Myanmar Junta Arrests Artist Htein Lin
September 7, 2022
As many of our readers here may know, last week, the Myanmar military arrested the renowned Burmese artist and dissident, Htein Lin, and his wife Vicky Bowman, a former British ambassador and human rights activist, at their home in Yangon. The two have been sentenced to a full year in prison.
In the fall of 2018, Artists Beyond Boundaries brought new artwork by Htein Lin and eight other Burmese artists to Northern California for an exhibition at Gallery Route One, entitled “Speaking Out.” The exhibition put a spotlight on the Burmese artists and their struggle to call attention to human rights issues in Myanmar. The drawings and paintings from “Speaking Out” are still here, under our care, and may become the centerpiece of a fundraising event for the artists.
Previously, Htein Lin had spent more than six years in the infamous Insein prison for his activism until his release in 2004. During that time, he smuggled out hundreds of paintings and sculptures that he secretly created in his prison cell. Htein Lin’s wife heads the Myanmar Center for Responsible Business, an organization she founded in 2013 to encourage companies to adhere to international human rights standards.
For more information about Htein Lin and Vicky Bowman and other detained activists visit Assistance Association for Political Prisoners (Burma):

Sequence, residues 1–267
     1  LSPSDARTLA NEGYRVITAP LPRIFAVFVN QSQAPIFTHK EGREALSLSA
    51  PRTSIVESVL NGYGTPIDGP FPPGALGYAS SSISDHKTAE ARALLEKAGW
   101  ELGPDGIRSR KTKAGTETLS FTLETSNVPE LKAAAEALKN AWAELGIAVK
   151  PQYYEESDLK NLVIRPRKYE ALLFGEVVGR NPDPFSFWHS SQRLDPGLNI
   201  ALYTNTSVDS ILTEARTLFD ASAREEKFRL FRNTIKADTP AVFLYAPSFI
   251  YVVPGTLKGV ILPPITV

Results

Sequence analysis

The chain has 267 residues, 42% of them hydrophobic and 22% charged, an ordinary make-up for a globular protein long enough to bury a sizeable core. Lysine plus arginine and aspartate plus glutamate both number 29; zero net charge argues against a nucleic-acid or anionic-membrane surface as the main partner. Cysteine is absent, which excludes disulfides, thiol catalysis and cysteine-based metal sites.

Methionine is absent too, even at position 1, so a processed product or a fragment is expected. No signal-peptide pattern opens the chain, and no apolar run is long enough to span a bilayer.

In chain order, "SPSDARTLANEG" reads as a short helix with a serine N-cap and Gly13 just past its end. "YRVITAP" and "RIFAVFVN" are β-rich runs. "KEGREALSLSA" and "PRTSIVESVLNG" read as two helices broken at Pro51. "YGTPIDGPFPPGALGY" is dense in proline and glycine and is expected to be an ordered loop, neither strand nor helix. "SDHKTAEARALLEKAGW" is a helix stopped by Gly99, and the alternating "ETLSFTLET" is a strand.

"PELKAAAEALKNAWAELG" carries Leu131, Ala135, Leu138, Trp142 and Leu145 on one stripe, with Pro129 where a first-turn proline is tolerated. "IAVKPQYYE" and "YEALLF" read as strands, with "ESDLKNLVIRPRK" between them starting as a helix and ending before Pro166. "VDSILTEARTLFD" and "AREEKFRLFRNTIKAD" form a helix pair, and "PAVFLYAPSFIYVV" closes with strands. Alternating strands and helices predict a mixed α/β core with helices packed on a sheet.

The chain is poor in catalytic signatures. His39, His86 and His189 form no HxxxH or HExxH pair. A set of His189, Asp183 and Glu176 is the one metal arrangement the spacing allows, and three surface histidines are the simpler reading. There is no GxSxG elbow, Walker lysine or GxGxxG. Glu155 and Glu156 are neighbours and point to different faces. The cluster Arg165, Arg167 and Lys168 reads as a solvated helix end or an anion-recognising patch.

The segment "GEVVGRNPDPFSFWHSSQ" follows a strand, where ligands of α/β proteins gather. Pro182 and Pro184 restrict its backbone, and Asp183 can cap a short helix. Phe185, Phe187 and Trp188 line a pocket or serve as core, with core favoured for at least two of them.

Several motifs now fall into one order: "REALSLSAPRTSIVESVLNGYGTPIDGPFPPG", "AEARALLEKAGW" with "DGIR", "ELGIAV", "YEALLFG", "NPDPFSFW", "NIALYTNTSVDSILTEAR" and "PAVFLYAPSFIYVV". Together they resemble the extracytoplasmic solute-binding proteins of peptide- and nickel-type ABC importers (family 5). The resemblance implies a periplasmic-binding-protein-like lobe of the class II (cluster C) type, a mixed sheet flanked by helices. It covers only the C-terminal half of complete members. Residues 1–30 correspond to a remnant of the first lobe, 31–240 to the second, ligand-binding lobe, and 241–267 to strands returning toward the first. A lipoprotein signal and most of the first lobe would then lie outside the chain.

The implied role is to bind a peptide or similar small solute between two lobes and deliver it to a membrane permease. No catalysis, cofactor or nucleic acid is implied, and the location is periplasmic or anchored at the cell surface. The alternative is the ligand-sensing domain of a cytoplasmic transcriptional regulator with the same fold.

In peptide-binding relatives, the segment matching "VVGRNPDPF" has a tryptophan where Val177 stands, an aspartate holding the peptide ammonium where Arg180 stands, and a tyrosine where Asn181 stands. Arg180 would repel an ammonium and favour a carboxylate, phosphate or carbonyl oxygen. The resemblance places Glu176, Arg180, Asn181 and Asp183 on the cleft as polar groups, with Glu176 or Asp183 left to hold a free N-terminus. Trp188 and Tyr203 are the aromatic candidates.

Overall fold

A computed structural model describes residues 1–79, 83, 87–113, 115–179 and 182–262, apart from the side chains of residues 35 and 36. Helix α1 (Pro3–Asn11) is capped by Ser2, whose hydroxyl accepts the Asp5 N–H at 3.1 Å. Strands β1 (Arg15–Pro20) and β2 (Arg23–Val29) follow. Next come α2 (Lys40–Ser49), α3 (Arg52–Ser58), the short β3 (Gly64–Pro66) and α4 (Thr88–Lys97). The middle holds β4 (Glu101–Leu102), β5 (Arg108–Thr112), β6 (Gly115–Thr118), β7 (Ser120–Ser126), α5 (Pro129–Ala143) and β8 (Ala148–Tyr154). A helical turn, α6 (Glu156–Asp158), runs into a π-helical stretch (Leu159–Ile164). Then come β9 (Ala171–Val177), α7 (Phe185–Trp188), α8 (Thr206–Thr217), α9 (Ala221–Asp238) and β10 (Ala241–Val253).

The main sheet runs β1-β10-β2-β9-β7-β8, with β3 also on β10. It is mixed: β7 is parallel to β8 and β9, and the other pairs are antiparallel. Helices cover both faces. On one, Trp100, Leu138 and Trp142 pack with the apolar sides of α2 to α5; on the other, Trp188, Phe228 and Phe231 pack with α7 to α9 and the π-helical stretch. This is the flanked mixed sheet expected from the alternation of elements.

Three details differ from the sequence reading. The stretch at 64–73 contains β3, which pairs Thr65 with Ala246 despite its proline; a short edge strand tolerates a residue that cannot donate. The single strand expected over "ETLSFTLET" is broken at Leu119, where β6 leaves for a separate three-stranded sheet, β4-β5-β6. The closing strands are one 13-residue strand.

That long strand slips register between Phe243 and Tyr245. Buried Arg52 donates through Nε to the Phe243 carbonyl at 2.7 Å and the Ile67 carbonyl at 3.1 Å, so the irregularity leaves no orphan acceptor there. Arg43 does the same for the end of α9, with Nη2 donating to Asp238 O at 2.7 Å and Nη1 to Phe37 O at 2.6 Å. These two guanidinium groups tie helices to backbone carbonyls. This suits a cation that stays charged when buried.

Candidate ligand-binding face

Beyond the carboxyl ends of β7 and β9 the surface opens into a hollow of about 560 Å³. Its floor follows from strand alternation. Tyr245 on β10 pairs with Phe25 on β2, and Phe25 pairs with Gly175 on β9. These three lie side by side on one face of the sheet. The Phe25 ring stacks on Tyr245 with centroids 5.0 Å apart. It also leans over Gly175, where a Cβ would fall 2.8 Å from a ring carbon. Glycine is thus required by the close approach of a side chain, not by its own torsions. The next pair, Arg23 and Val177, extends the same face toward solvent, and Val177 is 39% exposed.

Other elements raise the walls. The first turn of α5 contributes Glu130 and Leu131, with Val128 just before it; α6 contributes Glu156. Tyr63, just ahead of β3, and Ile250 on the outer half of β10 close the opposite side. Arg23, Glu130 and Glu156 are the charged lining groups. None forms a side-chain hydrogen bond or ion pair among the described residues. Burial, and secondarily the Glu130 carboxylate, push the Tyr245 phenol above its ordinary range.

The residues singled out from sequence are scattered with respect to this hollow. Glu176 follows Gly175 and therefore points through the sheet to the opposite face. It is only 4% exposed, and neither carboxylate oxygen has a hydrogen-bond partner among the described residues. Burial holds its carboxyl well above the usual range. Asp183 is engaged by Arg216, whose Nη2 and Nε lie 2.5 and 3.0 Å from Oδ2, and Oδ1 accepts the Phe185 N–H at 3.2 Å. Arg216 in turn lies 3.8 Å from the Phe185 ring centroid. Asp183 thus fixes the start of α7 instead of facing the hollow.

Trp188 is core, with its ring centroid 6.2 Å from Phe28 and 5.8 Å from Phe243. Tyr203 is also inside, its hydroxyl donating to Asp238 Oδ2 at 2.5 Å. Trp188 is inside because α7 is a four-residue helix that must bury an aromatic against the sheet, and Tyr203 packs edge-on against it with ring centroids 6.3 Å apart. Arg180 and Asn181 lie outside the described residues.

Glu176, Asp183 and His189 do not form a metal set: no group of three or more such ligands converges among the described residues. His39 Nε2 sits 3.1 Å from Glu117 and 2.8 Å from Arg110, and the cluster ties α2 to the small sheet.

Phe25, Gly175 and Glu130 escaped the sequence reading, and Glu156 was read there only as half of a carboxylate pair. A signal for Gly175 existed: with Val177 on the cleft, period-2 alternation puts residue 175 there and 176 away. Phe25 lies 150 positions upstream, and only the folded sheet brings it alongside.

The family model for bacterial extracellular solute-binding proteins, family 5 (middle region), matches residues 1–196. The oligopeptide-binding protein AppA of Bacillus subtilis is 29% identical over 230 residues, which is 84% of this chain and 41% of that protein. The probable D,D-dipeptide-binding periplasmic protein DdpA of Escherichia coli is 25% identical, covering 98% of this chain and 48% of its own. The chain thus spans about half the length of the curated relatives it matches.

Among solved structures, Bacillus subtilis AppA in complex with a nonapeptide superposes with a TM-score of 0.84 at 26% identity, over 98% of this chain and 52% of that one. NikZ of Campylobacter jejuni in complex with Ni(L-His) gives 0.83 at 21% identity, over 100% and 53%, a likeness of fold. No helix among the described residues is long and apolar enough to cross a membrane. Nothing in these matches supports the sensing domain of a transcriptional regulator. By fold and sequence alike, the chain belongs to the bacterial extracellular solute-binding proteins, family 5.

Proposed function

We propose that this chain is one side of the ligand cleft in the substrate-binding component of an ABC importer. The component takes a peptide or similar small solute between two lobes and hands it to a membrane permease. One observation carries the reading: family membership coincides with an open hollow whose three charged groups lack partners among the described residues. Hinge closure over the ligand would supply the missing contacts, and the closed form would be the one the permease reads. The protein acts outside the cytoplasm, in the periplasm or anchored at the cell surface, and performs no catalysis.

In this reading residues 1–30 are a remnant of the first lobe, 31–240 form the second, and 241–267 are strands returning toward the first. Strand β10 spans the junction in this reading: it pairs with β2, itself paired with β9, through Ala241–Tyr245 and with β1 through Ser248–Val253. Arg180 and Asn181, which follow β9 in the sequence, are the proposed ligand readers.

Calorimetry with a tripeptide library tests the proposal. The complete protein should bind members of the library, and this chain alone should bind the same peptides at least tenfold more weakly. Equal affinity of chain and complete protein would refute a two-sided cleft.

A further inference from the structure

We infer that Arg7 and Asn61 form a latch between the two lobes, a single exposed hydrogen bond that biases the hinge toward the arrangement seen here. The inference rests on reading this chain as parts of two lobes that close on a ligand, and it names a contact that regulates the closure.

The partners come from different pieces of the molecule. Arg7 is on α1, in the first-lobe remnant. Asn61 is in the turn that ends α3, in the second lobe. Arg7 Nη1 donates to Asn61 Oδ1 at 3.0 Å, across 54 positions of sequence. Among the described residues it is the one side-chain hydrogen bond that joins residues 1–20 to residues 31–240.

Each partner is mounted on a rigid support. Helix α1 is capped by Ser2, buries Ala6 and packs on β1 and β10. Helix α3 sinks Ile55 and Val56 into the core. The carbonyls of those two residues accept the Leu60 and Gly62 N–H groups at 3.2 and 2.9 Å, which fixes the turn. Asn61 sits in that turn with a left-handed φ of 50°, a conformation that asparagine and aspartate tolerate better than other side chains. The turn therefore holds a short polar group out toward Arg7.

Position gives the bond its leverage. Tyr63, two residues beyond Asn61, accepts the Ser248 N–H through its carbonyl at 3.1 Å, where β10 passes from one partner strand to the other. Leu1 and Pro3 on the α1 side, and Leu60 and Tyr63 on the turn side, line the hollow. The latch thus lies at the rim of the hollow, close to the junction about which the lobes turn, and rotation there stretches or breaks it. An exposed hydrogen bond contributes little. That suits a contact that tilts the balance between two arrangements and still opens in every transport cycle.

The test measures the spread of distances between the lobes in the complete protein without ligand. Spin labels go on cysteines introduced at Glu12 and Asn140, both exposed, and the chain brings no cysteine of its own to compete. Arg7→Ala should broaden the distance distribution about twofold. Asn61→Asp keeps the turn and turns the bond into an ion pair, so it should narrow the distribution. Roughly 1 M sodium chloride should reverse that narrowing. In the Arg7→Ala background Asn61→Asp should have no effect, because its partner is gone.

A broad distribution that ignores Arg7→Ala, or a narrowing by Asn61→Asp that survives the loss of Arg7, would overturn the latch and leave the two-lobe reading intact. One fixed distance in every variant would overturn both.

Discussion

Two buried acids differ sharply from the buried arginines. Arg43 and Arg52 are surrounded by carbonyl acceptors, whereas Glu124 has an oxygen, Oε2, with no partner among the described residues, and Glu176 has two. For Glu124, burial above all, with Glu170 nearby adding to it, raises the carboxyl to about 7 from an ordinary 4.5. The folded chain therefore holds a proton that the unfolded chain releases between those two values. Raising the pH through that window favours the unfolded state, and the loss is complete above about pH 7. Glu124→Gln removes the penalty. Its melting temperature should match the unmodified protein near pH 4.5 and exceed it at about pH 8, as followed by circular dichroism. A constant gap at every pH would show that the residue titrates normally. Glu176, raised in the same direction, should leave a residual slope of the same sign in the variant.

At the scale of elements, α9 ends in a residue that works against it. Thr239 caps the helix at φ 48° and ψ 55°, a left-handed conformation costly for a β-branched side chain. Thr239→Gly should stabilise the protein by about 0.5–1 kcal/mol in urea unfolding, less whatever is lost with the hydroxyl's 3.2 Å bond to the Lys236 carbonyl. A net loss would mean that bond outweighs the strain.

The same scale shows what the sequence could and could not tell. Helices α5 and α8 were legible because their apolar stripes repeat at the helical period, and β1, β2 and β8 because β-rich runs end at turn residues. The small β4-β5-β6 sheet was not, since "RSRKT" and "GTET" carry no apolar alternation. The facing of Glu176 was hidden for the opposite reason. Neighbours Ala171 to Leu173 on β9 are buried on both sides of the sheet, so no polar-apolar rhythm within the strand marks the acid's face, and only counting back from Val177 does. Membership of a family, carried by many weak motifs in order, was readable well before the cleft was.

REMEMBERING SONNY NYEIN
1949 – 2021
I first met Sonny Nyein after a lecture at the American Cultural Center in Yangon in the winter of 2006. At the time, Myanmar’s military government was cracking down on activists, including artists. Media officer and former movie star, Grace Swe Zin Htaik, was there and introduced me to Sonny and other prominent Burmese artists—among them, Aung Myint, San Minn and Tin Win.
In 2007, Sonny’s work was featured in an exhibition at Beikthano Gallery. In the accompanying brochure, curator and gallery owner, Tin Win wrote: “ Sonny Nyein, the only sculptor represented here, is the only modern sculptor of his time. His earlier works are based on found objects but his works in this exhibit are of steel, constructed not only as a form but to display space as well as negative space.” As Sonny put it at the time: “One needs absolute purity and absolute freedom in art,“ words consistently reflected in his own oeuvre.
In 2017, my colleague Mie Preckler and I returned to Myanmar to curate a show tracing the changes in art over the last decade. Sonny was a big part of that exhibition and workshop series, sharing – as always – his knowledge, ideas and aesthetic, and heart. Sonny Nyein was an exceptional artist and colleague, and a dear friend.
Pamela Blotner and Mie Preckler